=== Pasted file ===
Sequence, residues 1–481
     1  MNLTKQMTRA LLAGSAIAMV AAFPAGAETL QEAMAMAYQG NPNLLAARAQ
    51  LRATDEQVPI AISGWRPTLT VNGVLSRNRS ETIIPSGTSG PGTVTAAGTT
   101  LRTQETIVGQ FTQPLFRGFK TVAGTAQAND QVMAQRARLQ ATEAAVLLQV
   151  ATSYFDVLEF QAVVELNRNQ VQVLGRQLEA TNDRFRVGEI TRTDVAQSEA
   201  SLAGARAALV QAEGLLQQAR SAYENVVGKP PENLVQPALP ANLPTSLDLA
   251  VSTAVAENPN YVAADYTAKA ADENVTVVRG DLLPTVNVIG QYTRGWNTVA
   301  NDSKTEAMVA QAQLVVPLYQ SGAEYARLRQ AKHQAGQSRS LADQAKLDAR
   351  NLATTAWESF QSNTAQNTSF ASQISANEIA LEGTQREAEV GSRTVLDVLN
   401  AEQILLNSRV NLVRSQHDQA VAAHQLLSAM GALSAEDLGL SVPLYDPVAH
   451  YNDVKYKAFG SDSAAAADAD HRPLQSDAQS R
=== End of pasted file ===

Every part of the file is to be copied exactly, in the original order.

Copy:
Sequence, residues 1–481
     1  MNLTKQMTRA LLAGSAIAMV AAFPAGAETL QEAMAMAYQG NPNLLAARAQ
    51  LRATDEQVPI AISGWRPTLT VNGVLSRNRS ETIIPSGTSG PGTVTAAGTT
   101  LRTQETIVGQ FTQPLFRGFK TVAGTAQAND QVMAQRARLQ ATEAAVLLQV
   151  ATSYFDVLEF QAVVELNRNQ VQVLGRQLEA TNDRFRVGEI TRTDVAQSEA
   201  SLAGARAALV QAEGLLQQAR SAYENVVGKP PENLVQPALP ANLPTSLDLA
   251  VSTAVAENPN YVAADYTAKA ADENVTVVRG DLLPTVNVIG QYTRGWNTVA
   301  NDSKTEAMVA QAQLVVPLYQ SGAEYARLRQ AKHQAGQSRS LADQAKLDAR
   351  NLATTAWESF QSNTAQNTSF ASQISANEIA LEGTQREAEV GSRTVLDVLN
   401  AEQILLNSRV NLVRSQHDQA VAAHQLLSAM GALSAEDLGL SVPLYDPVAH
   451  YNDVKYKAFG SDSAAAADAD HRPLQSDAQS R